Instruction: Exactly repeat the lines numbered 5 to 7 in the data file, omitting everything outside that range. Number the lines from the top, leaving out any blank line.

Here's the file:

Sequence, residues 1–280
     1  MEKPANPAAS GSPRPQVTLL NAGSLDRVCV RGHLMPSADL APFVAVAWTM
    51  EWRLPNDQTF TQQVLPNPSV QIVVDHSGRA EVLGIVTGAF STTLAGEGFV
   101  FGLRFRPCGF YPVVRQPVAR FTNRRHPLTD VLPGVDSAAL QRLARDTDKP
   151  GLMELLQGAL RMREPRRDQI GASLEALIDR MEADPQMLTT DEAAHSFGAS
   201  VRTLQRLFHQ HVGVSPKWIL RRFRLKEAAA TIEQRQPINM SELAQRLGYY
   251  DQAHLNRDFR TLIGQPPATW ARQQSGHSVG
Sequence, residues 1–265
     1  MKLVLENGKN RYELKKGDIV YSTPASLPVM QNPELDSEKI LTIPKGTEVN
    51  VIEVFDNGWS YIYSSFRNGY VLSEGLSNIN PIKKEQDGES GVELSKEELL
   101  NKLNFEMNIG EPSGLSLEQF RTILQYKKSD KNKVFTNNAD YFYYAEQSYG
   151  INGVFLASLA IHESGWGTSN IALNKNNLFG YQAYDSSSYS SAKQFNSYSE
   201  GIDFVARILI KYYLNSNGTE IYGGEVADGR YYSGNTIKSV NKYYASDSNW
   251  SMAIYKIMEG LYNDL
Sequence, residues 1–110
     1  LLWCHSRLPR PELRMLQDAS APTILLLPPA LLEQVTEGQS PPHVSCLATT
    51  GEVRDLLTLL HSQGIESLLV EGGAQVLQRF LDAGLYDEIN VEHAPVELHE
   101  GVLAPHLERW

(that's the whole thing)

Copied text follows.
   151  GLMELLQGAL RMREPRRDQI GASLEALIDR MEADPQMLTT DEAAHSFGAS
   201  VRTLQRLFHQ HVGVSPKWIL RRFRLKEAAA TIEQRQPINM SELAQRLGYY
   251  DQAHLNRDFR TLIGQPPATW ARQQSGHSVG